With the purchase of its third coffee company in less than a year, German consumer products firm Joh. A. Benckiser (JAB) is spending real money to get its arms around both the coffee shop business and the home coffee buyer. JAB announced this morning that it will acquire D.E. Master Blenders 1753 for $9.8 billion.
JAB paid $1 billion last July to acquire U.S. coffee company Peet’s and another $340 million to purchase Caribou Coffee in December. That’s more than $11 billion, which is still far less than the $41 billion or so that Starbucks Corp. (NASDAQ: SBUX) is worth, but Europe is where Starbucks has its fewest licensed stores.
In its annual 10-K filing, Starbucks noted that European operating income fell $30 million in 2012 and that the company replaced its European management team during the year. The filing does not list any specific revenue targets for Europe, but does say that the company is looking for an operating margin in the mid-teens and expects the “turnaround will take time to gain traction.” In 2012, European operating margin was less than 1%.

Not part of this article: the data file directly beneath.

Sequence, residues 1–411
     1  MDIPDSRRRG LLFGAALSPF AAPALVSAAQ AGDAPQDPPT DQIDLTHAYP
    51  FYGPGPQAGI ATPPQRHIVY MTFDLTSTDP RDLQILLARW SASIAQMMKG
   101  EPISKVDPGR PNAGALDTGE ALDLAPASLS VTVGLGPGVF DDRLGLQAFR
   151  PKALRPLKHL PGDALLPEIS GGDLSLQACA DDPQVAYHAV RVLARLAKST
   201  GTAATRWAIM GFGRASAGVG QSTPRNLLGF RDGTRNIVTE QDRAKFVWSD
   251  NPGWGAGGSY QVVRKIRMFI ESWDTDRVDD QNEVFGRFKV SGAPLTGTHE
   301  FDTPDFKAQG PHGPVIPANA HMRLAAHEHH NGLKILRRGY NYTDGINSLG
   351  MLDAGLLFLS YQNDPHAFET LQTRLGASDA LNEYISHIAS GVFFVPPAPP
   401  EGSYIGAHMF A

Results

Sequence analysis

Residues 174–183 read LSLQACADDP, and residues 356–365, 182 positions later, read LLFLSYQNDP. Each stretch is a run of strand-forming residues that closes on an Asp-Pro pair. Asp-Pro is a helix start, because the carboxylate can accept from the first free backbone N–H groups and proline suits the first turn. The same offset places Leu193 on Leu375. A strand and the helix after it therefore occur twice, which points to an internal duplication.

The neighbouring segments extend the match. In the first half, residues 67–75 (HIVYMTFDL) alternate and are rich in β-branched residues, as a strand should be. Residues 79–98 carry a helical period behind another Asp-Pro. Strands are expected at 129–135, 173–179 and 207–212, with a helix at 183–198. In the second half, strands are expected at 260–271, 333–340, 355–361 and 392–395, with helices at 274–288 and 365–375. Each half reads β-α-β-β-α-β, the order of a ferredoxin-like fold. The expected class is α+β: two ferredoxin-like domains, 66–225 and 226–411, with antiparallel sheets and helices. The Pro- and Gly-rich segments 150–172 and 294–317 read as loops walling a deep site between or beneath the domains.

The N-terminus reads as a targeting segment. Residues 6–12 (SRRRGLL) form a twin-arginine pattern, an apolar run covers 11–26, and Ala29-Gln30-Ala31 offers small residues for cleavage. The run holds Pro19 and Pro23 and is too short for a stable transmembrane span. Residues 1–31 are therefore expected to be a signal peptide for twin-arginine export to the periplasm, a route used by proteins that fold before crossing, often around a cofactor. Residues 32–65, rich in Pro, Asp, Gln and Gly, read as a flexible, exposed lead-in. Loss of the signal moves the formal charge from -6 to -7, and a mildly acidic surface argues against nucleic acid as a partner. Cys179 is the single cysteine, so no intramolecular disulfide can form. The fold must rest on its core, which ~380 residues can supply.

Today’s acquisition gives JAB, a privately held firm that owns Coty Inc. and other consumer products companies, strong European coffee brands and positions the company to compete against Nestle and Kraft Inc. (NASDAQ: KRFT), as well as Starbucks. D.E. Master Blenders also makes single-cup pods for Nespresso machines.
First coffee shops, then a major coffee supplier. What’s next? The opportunity to make a serious run for the top spot in the European coffee market is in JAB’s hands. Starbucks is surely paying attention to JAB and its moves in Europe. The Seattle firm is going to have to step up its game now that a new, well-funded player has joined the fray.